My advice is, keep a sunny disposition and look after your friends. The rest of the buggers can take care of themselves.

The only reason I mention this is that recently an acquaintance of mine asked me to look after his blog for a while and approve the comments. I did it for a couple of days but I must say that I was bloody disgusted by the filth that he was receiving. Now it could be that it wasn't real people sending this stuff in - it may have been some kind of spambot offering him Viagra and worse, but I don't understand why someone would send spam saying, 'I hope you die', unless it was from a private funeral agency.

Anyway, I'm just pointing out that you cannot believe everything you read on the internet, and if we had that many anonymous people on this island they'd have to set up a States department for Lost Souls, like in that book by that Russian bloke Googol. So when you read all those comments insulting people, written by people who cannot even spell or punctuate their sentences without using an names mentioned..., just remember that it's not necessarily a real person who wrote it. It's probably some kind of robot that cannot think for itself but is just programmed to repeat the same things over and over again.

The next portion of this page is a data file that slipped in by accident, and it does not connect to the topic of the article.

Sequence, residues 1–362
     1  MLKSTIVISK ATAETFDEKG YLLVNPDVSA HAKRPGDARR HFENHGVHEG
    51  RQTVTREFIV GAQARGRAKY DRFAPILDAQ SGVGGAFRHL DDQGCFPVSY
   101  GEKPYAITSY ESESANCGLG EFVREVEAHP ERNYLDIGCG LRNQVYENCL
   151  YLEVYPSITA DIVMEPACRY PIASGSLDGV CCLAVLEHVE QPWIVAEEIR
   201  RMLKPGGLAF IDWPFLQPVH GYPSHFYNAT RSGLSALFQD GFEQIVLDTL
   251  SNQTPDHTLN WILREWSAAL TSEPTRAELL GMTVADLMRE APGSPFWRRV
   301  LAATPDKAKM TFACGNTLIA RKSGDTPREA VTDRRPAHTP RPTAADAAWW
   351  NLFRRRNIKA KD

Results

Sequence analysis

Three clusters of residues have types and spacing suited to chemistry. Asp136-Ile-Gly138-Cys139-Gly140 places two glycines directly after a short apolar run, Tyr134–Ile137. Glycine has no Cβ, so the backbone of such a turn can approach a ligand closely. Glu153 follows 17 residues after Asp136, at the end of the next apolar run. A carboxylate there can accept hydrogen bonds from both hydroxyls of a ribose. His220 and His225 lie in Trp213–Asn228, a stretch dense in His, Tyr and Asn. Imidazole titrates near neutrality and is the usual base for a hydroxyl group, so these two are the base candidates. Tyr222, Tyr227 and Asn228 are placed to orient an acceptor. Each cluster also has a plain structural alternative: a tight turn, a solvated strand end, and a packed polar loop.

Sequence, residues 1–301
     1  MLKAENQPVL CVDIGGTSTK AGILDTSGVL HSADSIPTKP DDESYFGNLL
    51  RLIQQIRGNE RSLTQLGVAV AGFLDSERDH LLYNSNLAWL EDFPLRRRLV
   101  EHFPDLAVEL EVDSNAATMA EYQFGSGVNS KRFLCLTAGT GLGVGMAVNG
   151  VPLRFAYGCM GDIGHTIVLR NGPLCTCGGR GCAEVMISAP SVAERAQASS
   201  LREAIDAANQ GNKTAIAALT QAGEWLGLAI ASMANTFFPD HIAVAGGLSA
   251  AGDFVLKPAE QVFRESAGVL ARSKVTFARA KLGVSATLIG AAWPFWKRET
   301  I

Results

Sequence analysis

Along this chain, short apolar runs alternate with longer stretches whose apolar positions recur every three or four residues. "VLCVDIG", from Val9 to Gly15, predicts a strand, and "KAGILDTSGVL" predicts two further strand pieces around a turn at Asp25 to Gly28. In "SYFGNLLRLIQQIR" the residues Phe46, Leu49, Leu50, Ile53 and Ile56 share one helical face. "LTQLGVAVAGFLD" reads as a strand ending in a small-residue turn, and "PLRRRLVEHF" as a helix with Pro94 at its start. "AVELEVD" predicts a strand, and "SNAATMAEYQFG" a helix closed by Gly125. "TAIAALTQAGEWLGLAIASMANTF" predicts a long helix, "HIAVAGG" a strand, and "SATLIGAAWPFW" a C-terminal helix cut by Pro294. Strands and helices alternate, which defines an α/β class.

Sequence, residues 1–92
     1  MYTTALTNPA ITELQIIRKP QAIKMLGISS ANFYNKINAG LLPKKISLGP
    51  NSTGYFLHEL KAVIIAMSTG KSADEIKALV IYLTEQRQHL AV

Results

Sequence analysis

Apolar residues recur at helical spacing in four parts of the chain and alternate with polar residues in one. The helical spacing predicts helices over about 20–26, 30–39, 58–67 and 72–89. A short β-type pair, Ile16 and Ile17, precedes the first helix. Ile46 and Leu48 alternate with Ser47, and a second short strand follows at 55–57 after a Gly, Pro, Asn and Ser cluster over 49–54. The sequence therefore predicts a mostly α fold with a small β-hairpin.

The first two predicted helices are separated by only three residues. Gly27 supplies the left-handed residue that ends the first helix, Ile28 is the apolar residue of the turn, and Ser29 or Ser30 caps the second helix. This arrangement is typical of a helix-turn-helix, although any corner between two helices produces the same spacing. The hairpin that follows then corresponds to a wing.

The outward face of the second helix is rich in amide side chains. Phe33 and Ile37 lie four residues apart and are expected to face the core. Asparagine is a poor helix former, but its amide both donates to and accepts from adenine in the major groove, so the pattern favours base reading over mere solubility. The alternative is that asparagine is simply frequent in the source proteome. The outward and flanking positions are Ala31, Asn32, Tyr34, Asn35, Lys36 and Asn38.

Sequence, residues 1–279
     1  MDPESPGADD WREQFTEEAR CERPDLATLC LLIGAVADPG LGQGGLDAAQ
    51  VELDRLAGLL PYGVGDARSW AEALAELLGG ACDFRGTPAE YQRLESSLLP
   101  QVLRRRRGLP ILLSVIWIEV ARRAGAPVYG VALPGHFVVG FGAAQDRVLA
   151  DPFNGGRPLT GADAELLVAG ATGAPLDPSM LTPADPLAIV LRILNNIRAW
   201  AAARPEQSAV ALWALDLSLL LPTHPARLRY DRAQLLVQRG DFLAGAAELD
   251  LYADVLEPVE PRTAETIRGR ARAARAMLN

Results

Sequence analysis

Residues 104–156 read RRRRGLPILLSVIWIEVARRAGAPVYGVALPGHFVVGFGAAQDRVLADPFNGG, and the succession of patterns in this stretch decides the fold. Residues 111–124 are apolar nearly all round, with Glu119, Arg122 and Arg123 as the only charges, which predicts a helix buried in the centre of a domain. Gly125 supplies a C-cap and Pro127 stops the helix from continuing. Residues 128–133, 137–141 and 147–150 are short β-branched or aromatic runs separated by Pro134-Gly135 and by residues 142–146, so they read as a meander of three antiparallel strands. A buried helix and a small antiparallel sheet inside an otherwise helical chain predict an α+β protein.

If in doubt, find another blog or forum where people actually respond to each other's ideas and try to reach a conclusion, rather than just running round and round each other shouting insults. When I was a kid, if an adult saw a bunch of kids behaving like that, they would've taken them by the scruff of the neck and separated them, whereas now it's the adults who behave like yobs and use foul language and call it 'political debate'.

Blogs like those are bringing the island into disrepute. I would prefer it if, like ancient Athens, the  island became a centre of democratic reasoning and impassioned debate, with people calmly putting forth the old pro and contra. Remember, those are your brothers and sisters you are talking about: tomorrow we could be fighting together against a common enemy, like Sparta (or, more likely, the EU). So say your piece, speak your brains out, but keep it civil. And next time I see you down the Bagot, I'll buy you a drink and shake your hand.

Friday, 27 August 2010

A Little Bit of Pakistan